The Fantastic Rise of Bitcoin

13 Jan 2014

Kerr Neilson ponders on the intriguing rise of Bitcoin, the digital currency, how it works, what its allures and shortcomings are, and what its future might hold.

This is a truly remarkable phenomenon.  In the face of a meltdown in the gold price (off from $1,811 to $1,200 per ounce in 30 months), this digital currency has risen in price from $12 to over $1,000 and now back to $700 in a single year.  It is a remarkably clever concept, seductively so for tech geeks.  

Some may be confused by all the excitement around ‘tapering’.  We have just had the outcome of the late December meeting of the Fed and a reduction of buying US government and mortgage-backed bonds is to begin in January, accompanied by the promise of a protracted period of very low short-term rates.  Having watched the live coverage of Fed Chairman Bernanke’s testimony, it was clear that the Fed is troubled by low price increases in the face of enthusiastic Quantitative Easing (QE).  The concern has shifted to the potential of deflation.

Having known a period of chronic inflation in the early 1970s, it is confounding to hear of the need to do everything in one’s power to ensure that there is an erosion of one’s currencies purchasing power.  At that time there was over-regulation of most things which reduced competition and led to insular anti-competitive behaviour, be it labour or international trade.  The subsequent extended period of deregulation and flourishing global competition, accompanied by the explosive growth of consumer credit was the very antithesis of that earlier period and led to excessive financial leverage.  This is being gradually reversed now but stable or falling prices would exacerbate the consumer’s ability to reduce this burden and hence the current thinking regarding the difficult choice of punishing the frugal for the benefit of the many.

For all the media coverage, it is nevertheless true that the US economy has achieved job growth of the order of 146,000 per month since October 2009.  The underlying numbers show a gross total of 7.8 million new jobs having been created, while 663,000 government-related jobs have been eliminated.  Unemployment in the US is now at 7% but as an indication of the politicising of the Federal Reserve, this great achievement is seen as too little by the political elite and media.  This four year recovery has witnessed annualised growth of 2.3% which contrasts with more energetic outcomes in previous cycles - but what did we expect?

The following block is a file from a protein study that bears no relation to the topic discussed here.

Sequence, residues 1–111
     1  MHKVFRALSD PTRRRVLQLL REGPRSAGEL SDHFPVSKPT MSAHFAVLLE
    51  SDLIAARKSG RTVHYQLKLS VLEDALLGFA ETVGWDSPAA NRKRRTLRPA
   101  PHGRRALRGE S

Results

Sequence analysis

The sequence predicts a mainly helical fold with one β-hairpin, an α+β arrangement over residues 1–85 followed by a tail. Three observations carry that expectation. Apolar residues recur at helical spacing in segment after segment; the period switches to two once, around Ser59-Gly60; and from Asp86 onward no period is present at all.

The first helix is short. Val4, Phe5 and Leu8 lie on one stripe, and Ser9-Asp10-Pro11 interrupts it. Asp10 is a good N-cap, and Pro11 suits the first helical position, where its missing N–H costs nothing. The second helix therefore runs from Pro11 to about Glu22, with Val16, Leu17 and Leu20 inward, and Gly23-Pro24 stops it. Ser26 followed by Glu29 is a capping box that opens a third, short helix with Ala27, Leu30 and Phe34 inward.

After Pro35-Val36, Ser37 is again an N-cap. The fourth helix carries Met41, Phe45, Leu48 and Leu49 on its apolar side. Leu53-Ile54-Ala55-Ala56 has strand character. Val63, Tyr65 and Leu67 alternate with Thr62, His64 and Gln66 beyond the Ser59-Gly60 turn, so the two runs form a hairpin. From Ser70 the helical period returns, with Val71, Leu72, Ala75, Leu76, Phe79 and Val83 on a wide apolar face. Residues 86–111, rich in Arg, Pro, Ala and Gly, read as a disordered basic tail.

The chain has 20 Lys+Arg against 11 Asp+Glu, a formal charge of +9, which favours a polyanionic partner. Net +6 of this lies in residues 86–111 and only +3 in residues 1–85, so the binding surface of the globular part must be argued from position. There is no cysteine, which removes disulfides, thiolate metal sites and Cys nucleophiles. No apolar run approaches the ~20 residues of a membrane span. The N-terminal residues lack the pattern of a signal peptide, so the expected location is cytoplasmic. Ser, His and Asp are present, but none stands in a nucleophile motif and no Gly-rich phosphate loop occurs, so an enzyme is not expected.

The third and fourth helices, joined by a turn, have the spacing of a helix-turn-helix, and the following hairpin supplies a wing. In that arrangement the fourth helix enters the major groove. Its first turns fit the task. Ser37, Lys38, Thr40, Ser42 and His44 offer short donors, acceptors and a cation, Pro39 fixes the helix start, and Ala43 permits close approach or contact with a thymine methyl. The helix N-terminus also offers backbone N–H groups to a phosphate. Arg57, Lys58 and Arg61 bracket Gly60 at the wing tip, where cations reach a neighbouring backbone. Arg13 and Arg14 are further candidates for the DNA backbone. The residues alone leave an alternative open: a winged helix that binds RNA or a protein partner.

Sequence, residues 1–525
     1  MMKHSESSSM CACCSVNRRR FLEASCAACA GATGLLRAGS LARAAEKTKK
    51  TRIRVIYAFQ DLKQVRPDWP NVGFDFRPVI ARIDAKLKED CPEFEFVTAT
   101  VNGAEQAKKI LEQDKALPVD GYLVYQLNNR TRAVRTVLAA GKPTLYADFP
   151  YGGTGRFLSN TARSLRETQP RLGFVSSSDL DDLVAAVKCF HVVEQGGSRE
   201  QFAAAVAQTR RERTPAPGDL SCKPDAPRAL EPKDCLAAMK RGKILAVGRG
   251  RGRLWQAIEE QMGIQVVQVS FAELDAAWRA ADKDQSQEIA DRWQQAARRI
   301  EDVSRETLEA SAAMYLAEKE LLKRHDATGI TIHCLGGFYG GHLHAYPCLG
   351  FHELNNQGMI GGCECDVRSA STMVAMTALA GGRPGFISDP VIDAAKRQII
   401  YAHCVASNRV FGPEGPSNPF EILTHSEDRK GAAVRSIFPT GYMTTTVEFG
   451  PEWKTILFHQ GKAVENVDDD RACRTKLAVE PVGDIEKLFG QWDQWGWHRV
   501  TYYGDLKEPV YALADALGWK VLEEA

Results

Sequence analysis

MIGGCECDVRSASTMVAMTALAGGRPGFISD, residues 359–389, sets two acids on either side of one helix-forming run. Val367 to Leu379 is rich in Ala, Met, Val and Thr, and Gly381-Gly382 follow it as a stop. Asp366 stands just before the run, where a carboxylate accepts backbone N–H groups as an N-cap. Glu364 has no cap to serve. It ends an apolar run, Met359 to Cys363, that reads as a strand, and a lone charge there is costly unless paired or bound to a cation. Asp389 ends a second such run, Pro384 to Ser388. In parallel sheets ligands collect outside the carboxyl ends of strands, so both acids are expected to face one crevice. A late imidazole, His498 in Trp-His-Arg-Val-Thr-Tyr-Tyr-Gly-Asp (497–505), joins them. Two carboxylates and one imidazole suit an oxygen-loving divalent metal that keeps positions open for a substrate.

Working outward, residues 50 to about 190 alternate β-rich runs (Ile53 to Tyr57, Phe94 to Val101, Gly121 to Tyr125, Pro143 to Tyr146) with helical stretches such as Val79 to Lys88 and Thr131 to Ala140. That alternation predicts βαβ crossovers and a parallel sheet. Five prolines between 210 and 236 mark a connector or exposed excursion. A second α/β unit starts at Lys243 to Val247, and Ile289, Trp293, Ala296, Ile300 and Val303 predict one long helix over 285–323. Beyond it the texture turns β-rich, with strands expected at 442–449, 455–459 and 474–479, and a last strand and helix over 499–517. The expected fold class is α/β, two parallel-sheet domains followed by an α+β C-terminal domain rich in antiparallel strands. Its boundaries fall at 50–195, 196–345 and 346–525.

The more interesting aspect of all this is that US monetary policy has, through transmission effects, forced easy monetary policy on other economies.  With the prospect of rates rising in the US, the dollar could rise which will adversely affect the translation of offshore profits (and be a depressant on prices in general).  The adverse effect of low inflation for corporations lies in its reduced pricing flexibility and the prospect of a reversion of profits to a lower share of the economy.  At present this is at a record high level and yet the market is placing these earnings on 17 times which itself is above the long-term average of 15 times.

Why so, one asks?  Liquidity is the most common explanation and we are inclined to believe that until the market becomes more unsettled about corporate pricing power, liquidity will reign supreme.  Indications of this lie in the all-time record use of margin credit, the switch from cash and bonds into equities and other remarkable developments such as the explosion in the growth of trading in volatility futures.  There are now Exchange Traded Funds (ETFs) on the VIXS (VIX is the Chicago Board Options Exchange Market Volatility Index) and a plethora of alternative vehicles by which to play it.  The product that intrigues us most is the fantastic rise of Bitcoin and a host of its emulators - some 27 going by names like Litecoin, Peercoin and Namecoin.